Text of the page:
Brazil's economic prospects continue to deteriorate rapidly, due to a combination of rising political uncertainty, the failure of the new government to advance on reforms, and ongoing external threats.
Brazil's inflation rate remained well under control over the first half of February.
Data on Friday showed that the downward trend in Brazil's unemployment continued into this year. The unadjusted unemployment rate fell to 11.2% in January, slightly below the consensus, and down from 12.0% in January last year.
Brazil's recovery has been steady in recent months, and Q1 likely will mark the end of the recession. The gradual recovery of the industrial and agricultural sectors has been the highlight, thanks to improving external demand, the lagged effect of the more competitive BRL, and the more stable political situation, which has boosted sentiment.
The Andean economies have been clear examples of true leadership in the current global crisis. Leaders of these countries acted rapidly to contain the spread of the virus, jumping right over the phases of denial, anger and unscrupulousness we've seen in Brazil and Mexico.
CPI inflation in India jumped to 4.6% in October, from 4.0% in September, marking a 16-month high and blasting through the RBI's target.
It is very difficult to be positive about the Brazilian economy in the short term, with every indicator of confidence at historic lows. The industrial business confidence index fell 9.2% month-to-month in March alone. Capacity use dropped to 79.7% from 81.5% in February, the lowest level in six years, and inventories rose, presumably because businesses over-estimated the strength of sales.
Evidence of weakening momentum in the economic recovery in Colombia was seen last week, alongside its regional peers and some DM economies. Low inflation, low interest rates, and the ongoing boost from a decent fiscal stimulus, all have supported the upturn since mid-Q2.
Data on Friday confirmed that headline inflation in the Eurozone rose a bit last month, to 1.5% from 1.4% in January, but also that the core rate dipped by 0.1 percentage points, to 1.0%.
China's investment slowdown went from worrying to frightening in October. Last week's fixed asset investment ex-rural numbers showed that year- to-date spending grew by 5.2% year-over-year in October, marking a further slowdown from 5.4% in the year to September.
China's economy got off to an uneasy start in the third quarter.
Data released on Friday confirmed that Colombian activity remained strong in Q4.
The composite PMI in the Eurozone continues to edge slightly lower, falling to 53.4 in May from 53.9 in April. A fall in the services index to 53.3, from 54.1 last month offset a modest increase in manufacturing to 52.3 from 52.0 in April.
The news in Brazil on inflation and politics has been relatively positive in recent weeks, allowing policymakers to keep cutting interest rates to boost the stuttering recovery.
Data released yesterday in Mexico strengthened the case for interest rate cuts this year.
Inflation in the biggest economies in the region remains close to cyclical lows, allowing central banks to ease even further over the next few months.
Japan's advance PMI numbers for August suggest that the economy dodged most of the bullets fired by the second wave of Covid-19.
Yesterday's PMI data in the Eurozone economy were a mixed bag.
India's trade data for March highlight the immediate severity of the country's sudden nationwide lockdown.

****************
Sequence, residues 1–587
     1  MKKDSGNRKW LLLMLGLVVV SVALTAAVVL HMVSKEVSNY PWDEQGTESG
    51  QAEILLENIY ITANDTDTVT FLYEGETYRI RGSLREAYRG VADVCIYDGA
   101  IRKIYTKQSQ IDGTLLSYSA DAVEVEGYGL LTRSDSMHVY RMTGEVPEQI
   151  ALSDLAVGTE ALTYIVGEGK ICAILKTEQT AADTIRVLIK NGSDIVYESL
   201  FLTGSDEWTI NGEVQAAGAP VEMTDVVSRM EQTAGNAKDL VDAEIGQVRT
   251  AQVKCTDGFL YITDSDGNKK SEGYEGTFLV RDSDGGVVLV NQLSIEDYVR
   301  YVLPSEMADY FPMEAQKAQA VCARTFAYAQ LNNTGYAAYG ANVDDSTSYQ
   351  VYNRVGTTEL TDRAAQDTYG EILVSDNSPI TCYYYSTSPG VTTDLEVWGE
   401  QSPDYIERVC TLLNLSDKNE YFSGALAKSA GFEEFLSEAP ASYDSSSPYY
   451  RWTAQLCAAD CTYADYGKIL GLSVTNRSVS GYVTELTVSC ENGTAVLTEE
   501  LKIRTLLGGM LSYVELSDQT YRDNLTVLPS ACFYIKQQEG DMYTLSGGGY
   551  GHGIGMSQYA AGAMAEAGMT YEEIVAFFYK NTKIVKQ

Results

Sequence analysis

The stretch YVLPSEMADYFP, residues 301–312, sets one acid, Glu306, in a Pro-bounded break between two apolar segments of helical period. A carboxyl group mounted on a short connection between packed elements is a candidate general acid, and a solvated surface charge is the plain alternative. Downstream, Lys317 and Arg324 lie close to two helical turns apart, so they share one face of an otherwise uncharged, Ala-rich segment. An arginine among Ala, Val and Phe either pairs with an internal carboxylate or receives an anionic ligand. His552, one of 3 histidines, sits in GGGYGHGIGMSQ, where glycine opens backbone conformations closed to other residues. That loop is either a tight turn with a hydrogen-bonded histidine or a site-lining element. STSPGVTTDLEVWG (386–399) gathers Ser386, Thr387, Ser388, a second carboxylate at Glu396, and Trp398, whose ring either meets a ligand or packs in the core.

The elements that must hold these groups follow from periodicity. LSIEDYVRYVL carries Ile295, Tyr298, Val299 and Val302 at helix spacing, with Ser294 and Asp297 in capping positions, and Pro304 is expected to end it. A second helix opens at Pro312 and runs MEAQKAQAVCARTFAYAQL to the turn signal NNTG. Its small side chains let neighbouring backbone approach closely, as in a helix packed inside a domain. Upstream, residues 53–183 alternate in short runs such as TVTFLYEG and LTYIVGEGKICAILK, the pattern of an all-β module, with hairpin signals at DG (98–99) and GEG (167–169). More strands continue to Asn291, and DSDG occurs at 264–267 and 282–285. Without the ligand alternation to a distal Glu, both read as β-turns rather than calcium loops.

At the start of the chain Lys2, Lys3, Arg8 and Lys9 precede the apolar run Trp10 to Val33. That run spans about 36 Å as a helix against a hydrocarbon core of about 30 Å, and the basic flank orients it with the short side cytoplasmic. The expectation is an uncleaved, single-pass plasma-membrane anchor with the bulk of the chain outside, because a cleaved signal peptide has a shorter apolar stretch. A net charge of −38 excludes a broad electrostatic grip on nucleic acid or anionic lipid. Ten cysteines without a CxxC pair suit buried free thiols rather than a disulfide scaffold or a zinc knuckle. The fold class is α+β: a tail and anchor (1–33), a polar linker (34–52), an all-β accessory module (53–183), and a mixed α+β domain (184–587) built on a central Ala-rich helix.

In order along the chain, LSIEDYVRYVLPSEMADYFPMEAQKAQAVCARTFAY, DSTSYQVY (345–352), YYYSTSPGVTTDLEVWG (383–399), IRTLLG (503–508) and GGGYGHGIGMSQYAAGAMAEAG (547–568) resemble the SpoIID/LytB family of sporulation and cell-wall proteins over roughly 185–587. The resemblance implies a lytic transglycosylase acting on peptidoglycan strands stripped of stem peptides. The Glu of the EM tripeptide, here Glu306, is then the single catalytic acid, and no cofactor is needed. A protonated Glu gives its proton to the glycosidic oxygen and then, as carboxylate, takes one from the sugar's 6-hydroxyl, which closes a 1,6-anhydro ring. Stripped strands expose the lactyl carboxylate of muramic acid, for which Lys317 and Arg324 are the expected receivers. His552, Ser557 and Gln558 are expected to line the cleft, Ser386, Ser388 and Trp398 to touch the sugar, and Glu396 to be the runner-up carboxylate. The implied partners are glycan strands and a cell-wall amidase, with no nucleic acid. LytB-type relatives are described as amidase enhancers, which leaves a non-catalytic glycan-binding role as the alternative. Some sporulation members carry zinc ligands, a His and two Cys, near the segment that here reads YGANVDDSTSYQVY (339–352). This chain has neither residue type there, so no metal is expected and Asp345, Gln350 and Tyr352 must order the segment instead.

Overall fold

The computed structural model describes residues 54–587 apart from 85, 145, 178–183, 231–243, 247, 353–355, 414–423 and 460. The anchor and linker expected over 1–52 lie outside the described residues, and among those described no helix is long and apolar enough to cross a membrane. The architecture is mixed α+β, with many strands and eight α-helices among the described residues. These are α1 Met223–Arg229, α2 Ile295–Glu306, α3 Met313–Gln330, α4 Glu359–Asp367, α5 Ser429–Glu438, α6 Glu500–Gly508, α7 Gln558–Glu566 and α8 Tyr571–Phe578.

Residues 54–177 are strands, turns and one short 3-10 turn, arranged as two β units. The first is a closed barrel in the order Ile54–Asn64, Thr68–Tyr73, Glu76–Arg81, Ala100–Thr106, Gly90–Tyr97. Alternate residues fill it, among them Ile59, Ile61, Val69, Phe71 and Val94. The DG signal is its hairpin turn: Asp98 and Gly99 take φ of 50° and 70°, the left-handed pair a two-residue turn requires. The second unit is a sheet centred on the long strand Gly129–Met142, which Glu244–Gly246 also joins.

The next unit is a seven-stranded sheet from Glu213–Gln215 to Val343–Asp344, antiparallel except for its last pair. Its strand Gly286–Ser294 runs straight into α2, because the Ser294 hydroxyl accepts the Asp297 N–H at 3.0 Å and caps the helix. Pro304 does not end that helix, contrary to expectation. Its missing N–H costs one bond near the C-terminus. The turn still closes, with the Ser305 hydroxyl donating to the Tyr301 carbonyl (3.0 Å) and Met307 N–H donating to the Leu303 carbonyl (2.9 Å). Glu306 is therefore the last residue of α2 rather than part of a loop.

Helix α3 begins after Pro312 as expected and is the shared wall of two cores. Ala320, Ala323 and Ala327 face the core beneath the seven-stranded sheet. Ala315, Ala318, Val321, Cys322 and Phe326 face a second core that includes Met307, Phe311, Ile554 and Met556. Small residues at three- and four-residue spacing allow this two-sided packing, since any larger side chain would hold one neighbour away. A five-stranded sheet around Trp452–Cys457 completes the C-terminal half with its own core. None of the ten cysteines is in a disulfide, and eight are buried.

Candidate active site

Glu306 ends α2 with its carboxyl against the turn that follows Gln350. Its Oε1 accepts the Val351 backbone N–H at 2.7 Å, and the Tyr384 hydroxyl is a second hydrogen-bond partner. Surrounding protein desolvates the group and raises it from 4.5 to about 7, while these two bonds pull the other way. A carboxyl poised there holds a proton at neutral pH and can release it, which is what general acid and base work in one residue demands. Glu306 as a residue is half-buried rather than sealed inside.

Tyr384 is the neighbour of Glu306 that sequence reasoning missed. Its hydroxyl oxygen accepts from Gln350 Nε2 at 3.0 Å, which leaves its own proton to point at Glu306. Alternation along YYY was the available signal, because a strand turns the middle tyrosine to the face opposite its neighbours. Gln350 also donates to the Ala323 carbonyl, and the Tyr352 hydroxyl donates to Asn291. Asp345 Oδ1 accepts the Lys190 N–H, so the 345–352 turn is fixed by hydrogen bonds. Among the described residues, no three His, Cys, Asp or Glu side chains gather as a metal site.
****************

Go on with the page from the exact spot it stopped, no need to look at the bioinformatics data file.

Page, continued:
Japan's flash PMI numbers for August were a mixed bag.
The gap between the hard and soft data from the industrial economy appeared to widen still further last week. But we are disinclined to take the data--the official industrial production report for March, and the first survey evidence for April--at face value.
Yesterday's national survey data painted a more nuanced picture of the recovery in the major Eurozone economies than the warning sent by the PMIs earlier in the week; see here.
The most positive thing to say about the EZ manufacturing PMI at the moment is that it has stopped falling.
Last week's manufacturing data in Germany left investors with more questions than answers.
The ink has hardly dried on economists' and the ECB's inflation projections for 2020, but we suspect that some forecasters are already considering ripping up the script.
Yesterday's manufacturing data in Germany followed the lead from Monday's relatively underwhelming new orders report; see here.
Hard data in the Eurozone continue to tell a story of a relatively bright pre-Covid-19 world.
Growth momentum in Mexico has improved marginally over the last few months after the soft patch during the first quarter, with business and households gaining confidence in the economic recovery. But the upswing has been rather modest, due to the volatility in global financial markets and the challenging external environment. The outlook for the global economy has deteriorated over recent months due to China's problems, and commodity prices remain under pressure. All these factors are now weighing on investors' confidence and hurting EM across asset classes.
Yesterday's economic reports in the Eurozone were solid across the board.
The changing face of India's post-lockdown economic recovery indicates that the initial bounce since the June reopening could soon stall.
Brazilian industrial production data released last week were upbeat. Output rose 8.0% month-to-month in July, much better than the consensus forecast for a 5.9% increase.
Friday's manufacturing data in Germany weren't pretty, but fortunately, the report is old news. Factory orders crashed by 25.8% month-to-month in April, extending the slide from a revised 15.4% fall in March.
Consumer sentiment in Mexico continues to improve, consistent with tailwinds from the relatively strong labour market and the president's rising approval ratings.
Traders looking for a sustained move in the euro have been left disappointed in the past six-to-12 months, but it is now teasing investors with a break to the upside against the dollar.